Since comments are closed at Radical Wind (on this excellent post and conversation) I have taken the liberty of continuing the conversation here – re: how, where, and why to critique a woman’s work – because I think it is an important issue that should be discussed as openly and publicly as possible.
And since Davina Squirrel’s last comment came in ’under the wire’ and did quote a portion of something I’d said on the subject:
@ D Squirrel –
It is entirely confusing when you say that the “direct criticism” of other women is well done in private or semi-private spaces and at the same time suggest that disagreements are easily googled for the source. That makes no sense when radical feminist work is regularly shut down/erased by men and feminists alike and as any criticism of a woman‘s work by women is seen as an ‘attack‘ on her personally (as I said, lose/lose) whether public or – perhaps even more so – in “private“. Frankly, insinuating that is it wise or less divisive to criticize a woman in private is engendering an atmosphere of distrust in general.
Yet you go on to say, as an alternative, we can comment directly on the blog/site as you say you do frequently. But what if the comment is not approved being seen as troll-ish or rude or off topic or a personal attack by the host? Are we then to not to make very clear in our own public space what our disagreement is so that other women (or ‘newbies”) can see that there is disagreement on an issue especially if, as you say, one of the prime goals as radical feminists is to be an educational service of sorts? Would it not be in the service of education to name and link to the writing in question as WW suggested per ‘academic rigor‘?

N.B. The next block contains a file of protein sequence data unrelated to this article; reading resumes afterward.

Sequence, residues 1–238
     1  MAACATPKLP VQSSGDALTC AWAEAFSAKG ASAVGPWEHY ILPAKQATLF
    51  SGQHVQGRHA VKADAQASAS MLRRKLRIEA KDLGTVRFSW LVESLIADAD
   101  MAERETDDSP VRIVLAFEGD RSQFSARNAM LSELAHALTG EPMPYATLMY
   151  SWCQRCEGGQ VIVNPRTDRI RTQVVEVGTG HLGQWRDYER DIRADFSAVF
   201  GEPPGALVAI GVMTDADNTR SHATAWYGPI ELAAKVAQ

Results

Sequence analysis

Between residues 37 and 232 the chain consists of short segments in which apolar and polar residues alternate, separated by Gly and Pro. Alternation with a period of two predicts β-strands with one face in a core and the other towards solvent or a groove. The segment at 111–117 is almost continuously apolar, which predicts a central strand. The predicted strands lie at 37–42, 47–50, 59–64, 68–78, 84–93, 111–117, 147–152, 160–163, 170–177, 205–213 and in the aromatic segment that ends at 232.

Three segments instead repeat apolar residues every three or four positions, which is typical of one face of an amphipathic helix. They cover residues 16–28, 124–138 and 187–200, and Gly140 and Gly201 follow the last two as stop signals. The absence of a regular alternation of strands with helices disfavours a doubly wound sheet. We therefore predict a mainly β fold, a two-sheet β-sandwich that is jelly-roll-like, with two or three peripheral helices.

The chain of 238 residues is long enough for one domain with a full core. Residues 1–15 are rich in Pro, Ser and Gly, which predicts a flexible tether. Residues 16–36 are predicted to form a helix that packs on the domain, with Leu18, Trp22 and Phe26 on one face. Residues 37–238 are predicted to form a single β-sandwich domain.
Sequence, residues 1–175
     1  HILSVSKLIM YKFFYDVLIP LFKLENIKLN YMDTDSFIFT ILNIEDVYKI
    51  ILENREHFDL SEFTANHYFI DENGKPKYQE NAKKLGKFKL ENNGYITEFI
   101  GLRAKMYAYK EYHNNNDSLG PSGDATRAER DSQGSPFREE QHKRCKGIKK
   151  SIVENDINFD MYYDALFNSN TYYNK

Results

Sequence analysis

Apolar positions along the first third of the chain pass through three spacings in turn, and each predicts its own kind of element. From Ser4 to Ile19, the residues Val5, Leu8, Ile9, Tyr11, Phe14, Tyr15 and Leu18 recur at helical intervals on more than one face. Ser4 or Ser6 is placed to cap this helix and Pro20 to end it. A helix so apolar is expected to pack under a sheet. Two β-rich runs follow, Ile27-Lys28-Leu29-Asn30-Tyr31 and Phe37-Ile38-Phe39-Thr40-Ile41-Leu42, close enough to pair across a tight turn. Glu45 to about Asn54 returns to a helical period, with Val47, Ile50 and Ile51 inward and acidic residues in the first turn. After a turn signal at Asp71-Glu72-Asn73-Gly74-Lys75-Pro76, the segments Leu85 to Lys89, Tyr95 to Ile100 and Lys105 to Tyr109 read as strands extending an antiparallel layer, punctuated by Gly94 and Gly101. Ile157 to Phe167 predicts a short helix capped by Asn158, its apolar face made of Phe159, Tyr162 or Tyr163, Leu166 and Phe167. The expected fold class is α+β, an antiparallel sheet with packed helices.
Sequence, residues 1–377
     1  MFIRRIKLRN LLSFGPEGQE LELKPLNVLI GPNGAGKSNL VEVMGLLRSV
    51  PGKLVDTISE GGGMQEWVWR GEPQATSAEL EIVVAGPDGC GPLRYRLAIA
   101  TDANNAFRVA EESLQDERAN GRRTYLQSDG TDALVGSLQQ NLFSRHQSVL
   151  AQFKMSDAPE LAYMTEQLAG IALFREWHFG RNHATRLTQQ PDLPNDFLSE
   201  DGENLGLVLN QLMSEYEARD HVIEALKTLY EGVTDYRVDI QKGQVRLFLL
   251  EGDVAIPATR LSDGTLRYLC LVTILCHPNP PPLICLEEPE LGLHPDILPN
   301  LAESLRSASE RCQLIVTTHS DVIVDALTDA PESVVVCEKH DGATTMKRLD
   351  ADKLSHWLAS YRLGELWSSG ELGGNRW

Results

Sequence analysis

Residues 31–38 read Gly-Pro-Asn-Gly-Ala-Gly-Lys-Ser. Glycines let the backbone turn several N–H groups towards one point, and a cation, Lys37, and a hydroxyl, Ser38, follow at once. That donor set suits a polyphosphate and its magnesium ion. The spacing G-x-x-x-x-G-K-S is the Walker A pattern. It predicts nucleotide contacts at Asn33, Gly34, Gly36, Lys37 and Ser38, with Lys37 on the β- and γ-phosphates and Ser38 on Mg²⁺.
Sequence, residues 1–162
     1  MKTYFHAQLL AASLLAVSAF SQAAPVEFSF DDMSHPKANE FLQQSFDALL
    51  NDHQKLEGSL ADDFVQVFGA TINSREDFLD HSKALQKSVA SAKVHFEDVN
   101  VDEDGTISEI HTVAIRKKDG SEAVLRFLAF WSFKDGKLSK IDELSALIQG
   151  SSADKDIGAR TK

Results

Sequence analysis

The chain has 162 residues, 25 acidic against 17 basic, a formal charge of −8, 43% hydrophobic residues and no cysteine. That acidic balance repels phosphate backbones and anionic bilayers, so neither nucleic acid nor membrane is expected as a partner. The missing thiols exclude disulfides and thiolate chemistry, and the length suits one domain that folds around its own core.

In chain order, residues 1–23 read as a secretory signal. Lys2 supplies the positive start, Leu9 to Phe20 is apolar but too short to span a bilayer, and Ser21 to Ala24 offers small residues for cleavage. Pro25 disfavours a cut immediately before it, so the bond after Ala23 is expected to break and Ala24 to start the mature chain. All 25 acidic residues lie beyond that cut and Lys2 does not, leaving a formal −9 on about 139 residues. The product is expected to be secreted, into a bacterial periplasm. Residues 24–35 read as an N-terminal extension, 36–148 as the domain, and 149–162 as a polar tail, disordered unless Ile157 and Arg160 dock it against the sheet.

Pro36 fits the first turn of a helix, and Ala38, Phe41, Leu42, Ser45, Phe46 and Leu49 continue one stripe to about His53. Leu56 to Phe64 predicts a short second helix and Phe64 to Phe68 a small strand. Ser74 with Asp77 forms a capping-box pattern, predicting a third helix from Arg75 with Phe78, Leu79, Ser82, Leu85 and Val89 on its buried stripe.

And it is all of these observations and questions I pose to you now that caused me to say that a plea to ‘not name’ in public is essentially silencing women. Without honest and public conversations about our disagreements there can be no forward movement/spinning as has been proven time and time again.
Your thoughts on my questions would be appreciated.